When applying for a job with a CV, you should also include a covering letter. Read through the job description carefully and target your letter at the job you are applying for. You should draw together the evidence as to why you are a suitable candidate for the job.

The letter should:

  • be clear and concise
  • state the job you are applying for and any reference number
  • show that you understand what the job involves and, if possible, reflect your knowledge of the company you are sending it to
  • give your reasons for applying for the position
  • don’t repeat your cv but refer to points on your cv for the employer to note
  • target your skills and achievements to the company requirements
  • say why you are a suiable candidate for the job and not what you hope to gain from the employer
  • say when you will be available for interview

Need some suggestions?

Include the name if known, otherwise begin with ‘Dear Sir/Madam’

Example cover letter

45 Hollyfield Road

4 March 2016


Daniel Lewis
Lerret Way
Kingston upon Thames


Dear Mrs Newton,

I am writing to you to apply for the position of Junior Sales Representative which I saw advertised in the Daily Telegraph on 7 October 2008.

After achieving four GCSEs grade A- C at school l studied at college for the BTEC Advanced GNVQ in Business within which I chose the Advertising Services option. I am urgently awaiting the final results. I am keen to gain employment within the advertising sector and I feel that I have a good understanding regarding what the work within an advertising firm involves. As you will see from my CV, I spent two weeks on work experience at the BBC in July 2008. I was involved in answering customer calls, computer input, filling in form, faxing, filing and word processing.

I am numerate and can communicate with a wide range of people. At school I achieved good results in Maths and English. In addition, I covered communication and numeracy on my BTEC course. I work well in teams and at college I was involved in a variety of group projects. One project involved investigating a number of businesses which are developing markets in other parts of Europe. I am also flexible, enthusiastic and keen to learn.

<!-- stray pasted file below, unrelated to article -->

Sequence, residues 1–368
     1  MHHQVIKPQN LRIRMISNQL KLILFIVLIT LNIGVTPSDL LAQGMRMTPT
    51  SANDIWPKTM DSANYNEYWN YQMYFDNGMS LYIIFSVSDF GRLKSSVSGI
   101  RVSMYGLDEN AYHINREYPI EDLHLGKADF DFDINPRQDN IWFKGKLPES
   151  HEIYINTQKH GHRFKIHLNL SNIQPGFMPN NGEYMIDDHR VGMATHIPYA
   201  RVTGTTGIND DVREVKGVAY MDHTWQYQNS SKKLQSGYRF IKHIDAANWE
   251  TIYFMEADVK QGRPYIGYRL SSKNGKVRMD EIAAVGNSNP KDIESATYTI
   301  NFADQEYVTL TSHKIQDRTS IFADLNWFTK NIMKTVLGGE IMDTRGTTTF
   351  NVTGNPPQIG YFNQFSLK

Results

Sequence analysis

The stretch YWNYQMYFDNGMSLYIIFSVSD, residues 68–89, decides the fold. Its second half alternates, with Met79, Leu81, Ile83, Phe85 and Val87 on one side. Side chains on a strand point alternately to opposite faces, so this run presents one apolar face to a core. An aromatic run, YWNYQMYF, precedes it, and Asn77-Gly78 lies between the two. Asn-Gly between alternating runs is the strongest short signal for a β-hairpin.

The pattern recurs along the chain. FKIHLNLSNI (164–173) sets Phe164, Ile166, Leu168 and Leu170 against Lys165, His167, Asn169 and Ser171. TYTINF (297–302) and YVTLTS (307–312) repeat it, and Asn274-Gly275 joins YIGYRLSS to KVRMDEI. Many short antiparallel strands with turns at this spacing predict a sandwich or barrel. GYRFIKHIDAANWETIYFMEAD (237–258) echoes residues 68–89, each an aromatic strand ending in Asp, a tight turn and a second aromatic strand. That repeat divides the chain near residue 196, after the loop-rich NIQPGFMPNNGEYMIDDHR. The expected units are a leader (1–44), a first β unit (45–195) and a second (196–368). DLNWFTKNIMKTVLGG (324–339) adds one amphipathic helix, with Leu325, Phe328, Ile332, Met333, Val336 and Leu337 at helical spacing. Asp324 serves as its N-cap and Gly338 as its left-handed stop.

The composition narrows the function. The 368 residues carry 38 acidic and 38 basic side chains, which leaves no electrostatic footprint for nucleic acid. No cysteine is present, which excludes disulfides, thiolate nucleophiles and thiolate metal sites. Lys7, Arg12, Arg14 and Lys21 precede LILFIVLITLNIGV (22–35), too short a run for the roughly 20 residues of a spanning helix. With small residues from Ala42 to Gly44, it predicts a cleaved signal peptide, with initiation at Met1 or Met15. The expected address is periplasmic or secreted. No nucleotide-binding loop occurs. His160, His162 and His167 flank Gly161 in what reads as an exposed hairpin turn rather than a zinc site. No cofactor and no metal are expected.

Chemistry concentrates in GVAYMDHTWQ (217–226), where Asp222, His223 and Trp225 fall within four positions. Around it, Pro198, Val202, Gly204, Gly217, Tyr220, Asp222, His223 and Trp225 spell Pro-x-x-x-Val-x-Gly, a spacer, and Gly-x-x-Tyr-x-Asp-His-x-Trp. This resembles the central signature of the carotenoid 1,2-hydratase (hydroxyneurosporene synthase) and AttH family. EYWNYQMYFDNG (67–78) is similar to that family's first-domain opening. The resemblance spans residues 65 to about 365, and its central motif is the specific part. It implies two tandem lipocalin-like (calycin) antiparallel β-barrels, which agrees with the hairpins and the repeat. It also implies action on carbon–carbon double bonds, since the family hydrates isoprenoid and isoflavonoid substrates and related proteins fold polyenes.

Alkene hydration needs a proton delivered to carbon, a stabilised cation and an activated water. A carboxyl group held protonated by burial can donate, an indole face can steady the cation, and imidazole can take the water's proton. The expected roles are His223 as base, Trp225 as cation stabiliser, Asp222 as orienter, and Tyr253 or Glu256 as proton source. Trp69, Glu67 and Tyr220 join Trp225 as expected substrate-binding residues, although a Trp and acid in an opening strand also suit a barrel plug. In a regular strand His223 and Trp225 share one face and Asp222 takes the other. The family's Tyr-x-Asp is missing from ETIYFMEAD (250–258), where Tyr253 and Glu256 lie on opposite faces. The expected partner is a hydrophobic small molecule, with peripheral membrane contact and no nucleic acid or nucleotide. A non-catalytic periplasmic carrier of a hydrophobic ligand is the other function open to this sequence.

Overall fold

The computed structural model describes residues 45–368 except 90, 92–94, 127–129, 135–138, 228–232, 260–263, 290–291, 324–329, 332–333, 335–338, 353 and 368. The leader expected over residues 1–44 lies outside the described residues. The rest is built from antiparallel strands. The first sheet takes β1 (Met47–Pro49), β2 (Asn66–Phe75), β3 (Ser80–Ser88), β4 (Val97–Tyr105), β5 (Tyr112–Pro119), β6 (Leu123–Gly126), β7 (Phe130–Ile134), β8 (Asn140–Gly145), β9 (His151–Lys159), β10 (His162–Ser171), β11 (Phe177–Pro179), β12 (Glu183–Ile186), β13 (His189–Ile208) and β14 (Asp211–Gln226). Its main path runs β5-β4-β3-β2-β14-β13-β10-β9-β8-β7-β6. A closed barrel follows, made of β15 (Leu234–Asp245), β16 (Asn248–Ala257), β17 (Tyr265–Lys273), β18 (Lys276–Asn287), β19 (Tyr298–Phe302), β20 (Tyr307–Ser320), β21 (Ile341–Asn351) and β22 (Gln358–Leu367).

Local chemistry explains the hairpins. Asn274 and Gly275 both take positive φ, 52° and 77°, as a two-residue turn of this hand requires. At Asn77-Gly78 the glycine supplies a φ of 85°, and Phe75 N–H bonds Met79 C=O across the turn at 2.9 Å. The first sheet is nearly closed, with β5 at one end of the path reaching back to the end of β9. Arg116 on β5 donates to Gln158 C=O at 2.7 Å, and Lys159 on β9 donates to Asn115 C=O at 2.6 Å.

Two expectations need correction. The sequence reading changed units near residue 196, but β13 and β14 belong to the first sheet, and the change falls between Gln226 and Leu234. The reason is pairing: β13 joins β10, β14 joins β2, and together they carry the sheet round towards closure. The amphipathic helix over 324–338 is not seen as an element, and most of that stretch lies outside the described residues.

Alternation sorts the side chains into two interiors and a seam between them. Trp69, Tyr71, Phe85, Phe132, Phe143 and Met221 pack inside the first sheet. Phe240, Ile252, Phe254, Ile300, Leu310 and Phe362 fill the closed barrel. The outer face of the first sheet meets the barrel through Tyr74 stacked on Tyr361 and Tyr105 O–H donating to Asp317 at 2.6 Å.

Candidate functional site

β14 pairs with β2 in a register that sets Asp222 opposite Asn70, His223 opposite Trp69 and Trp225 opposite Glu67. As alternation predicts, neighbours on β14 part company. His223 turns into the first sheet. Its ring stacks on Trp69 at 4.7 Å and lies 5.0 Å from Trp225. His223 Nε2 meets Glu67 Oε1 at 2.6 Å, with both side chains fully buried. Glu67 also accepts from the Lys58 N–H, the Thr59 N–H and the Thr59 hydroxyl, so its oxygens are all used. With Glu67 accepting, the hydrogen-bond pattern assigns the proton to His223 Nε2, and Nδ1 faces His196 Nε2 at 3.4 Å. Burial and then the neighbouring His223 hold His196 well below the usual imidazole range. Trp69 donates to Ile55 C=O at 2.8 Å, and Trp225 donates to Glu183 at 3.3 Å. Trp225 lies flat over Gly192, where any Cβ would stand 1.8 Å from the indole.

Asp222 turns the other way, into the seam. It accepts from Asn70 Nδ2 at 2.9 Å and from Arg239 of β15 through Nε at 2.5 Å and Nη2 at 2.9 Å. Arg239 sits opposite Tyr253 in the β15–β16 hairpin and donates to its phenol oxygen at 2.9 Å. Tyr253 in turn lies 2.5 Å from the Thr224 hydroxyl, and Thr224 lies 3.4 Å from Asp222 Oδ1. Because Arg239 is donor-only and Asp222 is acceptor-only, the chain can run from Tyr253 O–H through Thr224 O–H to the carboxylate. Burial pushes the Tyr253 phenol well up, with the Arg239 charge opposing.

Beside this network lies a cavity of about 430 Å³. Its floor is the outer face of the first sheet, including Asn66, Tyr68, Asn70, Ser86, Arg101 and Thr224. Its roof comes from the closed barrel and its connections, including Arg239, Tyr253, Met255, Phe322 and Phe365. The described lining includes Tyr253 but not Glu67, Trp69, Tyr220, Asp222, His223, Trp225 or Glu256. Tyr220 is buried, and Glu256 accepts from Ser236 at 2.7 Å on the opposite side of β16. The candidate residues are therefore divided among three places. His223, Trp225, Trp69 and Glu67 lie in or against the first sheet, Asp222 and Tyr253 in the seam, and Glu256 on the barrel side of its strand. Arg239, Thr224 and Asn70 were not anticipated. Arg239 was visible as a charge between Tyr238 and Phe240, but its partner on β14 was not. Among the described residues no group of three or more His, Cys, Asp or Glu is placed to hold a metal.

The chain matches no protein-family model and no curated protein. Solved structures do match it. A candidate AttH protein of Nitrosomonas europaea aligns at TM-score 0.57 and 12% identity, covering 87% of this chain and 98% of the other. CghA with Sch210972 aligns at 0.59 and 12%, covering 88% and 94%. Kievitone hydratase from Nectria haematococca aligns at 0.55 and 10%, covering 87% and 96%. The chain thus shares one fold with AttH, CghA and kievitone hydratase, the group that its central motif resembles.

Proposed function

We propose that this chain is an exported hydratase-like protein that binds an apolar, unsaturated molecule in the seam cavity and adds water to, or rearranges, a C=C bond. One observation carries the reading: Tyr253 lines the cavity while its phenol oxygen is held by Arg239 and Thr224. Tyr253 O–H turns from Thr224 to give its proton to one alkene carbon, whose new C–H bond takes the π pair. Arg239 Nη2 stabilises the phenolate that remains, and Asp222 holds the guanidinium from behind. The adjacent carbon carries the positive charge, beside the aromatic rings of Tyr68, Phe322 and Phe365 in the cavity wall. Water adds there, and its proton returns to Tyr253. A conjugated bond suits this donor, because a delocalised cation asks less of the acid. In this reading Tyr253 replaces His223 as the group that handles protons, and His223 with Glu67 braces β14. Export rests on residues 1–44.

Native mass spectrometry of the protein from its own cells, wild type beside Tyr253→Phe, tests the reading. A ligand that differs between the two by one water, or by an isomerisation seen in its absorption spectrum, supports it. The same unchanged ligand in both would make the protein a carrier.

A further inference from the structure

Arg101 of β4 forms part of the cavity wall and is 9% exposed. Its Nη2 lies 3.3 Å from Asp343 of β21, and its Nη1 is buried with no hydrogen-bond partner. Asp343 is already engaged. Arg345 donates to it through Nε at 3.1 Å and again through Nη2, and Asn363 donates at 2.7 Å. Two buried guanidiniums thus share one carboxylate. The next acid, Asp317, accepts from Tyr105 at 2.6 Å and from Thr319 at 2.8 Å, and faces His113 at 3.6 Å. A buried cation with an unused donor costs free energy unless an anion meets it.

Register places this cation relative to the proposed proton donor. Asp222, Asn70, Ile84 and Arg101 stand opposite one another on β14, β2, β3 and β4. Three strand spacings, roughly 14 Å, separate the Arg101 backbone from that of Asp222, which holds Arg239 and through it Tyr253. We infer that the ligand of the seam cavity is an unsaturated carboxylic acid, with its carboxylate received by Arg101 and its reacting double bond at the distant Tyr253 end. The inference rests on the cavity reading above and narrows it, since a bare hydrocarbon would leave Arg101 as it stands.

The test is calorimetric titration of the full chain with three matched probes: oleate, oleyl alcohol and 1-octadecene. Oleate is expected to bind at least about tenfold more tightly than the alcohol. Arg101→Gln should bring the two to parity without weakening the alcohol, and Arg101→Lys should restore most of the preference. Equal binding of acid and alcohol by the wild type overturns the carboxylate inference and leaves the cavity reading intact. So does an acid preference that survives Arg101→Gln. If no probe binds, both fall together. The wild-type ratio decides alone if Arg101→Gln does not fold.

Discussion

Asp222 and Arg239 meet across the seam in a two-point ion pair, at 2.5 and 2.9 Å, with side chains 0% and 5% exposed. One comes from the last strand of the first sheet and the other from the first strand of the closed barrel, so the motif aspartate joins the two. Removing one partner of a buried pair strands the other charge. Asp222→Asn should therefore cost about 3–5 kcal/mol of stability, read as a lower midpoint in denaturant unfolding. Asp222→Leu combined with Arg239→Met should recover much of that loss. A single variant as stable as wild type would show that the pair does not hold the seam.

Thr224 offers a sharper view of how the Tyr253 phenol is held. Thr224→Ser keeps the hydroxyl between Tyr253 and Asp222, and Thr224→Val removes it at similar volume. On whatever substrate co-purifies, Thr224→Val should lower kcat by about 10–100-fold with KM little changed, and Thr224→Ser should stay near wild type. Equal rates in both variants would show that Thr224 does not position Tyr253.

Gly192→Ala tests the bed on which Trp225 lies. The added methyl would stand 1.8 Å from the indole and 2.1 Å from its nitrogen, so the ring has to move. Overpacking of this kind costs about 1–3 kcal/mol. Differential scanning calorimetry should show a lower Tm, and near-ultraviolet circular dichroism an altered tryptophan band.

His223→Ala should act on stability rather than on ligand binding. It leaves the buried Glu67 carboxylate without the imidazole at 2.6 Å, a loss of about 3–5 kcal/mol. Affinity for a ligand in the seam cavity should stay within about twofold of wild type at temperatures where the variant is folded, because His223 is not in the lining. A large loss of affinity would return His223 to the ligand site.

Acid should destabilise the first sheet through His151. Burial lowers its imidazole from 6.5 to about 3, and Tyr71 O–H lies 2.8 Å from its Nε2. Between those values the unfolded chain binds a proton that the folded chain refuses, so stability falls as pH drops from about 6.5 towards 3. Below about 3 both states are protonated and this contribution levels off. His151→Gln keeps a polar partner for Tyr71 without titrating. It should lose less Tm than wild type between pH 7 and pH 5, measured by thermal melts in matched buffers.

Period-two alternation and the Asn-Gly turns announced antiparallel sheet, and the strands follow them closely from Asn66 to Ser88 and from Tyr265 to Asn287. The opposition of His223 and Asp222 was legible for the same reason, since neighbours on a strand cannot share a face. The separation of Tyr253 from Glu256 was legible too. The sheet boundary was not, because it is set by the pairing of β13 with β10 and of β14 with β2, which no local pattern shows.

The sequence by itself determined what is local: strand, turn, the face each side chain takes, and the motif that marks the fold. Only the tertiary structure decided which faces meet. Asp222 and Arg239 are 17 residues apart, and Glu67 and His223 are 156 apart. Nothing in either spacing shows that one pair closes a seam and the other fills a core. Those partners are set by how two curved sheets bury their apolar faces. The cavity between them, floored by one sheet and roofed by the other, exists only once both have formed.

I am very keen to apply for your position of Sales Representative. I feel that I have the right combination of academic and personal skills to succeed in the advertising industry and that l could make a valuable contribution to your organisation.

I am available for interview at any time. I look forward to hearing from you soon.

Yours sincerely,

Daniel Lewis


Always send a covering letter with any CV or application. This is your opportunity to grab the employer’s attention and make a positive impression. However, if it’s badly presented, you won’t get very far.  Covering letters need careful planning.


  • Keep your letter to one side of good quality, A4, plain, white paper and use black ink.
  • Unless a handwritten letter is requested, word-processed is best – it looks more professional.
  • Use a clear, readable font – Times New Roman, Comic Sans and Arial are good choices.
  • If a handwritten letter is requested, make sure it’s clear, neat and smudge-free.
  • Aim for no more than three or four paragraphs and keep sentences short.
  • Make sure you’ve got good, wide margins and put two line spaces between each paragraph to make it look neater.
  • Make sure your letter has both your address and the prospective employer’s address at the top.
  • If known, address the letter to a named person, i.e. the one who advertised the vacancy. If no particular name was mentioned, ‘Madam/Sir’.
  • If the letter is addressed to a named person, end it with ‘Yours sincerely’. If not, use ‘Yours faithfully’.
  • After this, don’t forget your signature.


The key with these letters is to keep them brief, get across the important points and let a positive, enthusiastic personality shine through.

If you’ve completed a long ‘personal details’ section on an application form, the letter should be short to avoid repetition. If you’re sending a CV, your letter needs to be a little more detailed, in order to put a personal slant on the information you’ve provided.

The tone of your letter should respond to the tone of the advertisement and job description. If that seems relatively informal, follow their lead, but be careful to avoid using language you wouldn’t normally use; it’s all about the real you.

As a rough guide, take a look at the following tips:

  • In the first paragraph, get across what vacancy you’re applying for, and where and when it was advertised.
  • In the second paragraph, let them know how your current position and previous work experiences and link them to the needs of the role you are applying for.
  • In the third paragraph, without being repetitive, summarise your main strengths and skills; keeping them relevant.
  • Let them know when you’re available for interview or you can start work. Conclude the letter enthusiastically with a confident: ‘I look forward to hearing from you’.

Before sending it off, check for errors and make sure the appearance and tone feel right throughout.


Before sending a covering letter, ensure sure you’ve:

  • done your research on the company
  • addressed your covering letter to the right person
  • included both addresses at the top
  • used good quality plain paper and an easy-to-read font
  • stated what the job is and where you saw it advertised
  • made it clear why you want to work for them and why your skills match the job
  • reflected the job advertisement’s tone
  • make yourself sound positive and enthusiastic
  • kept it clear and brief, with good presentation
  • checked and double-checked for errors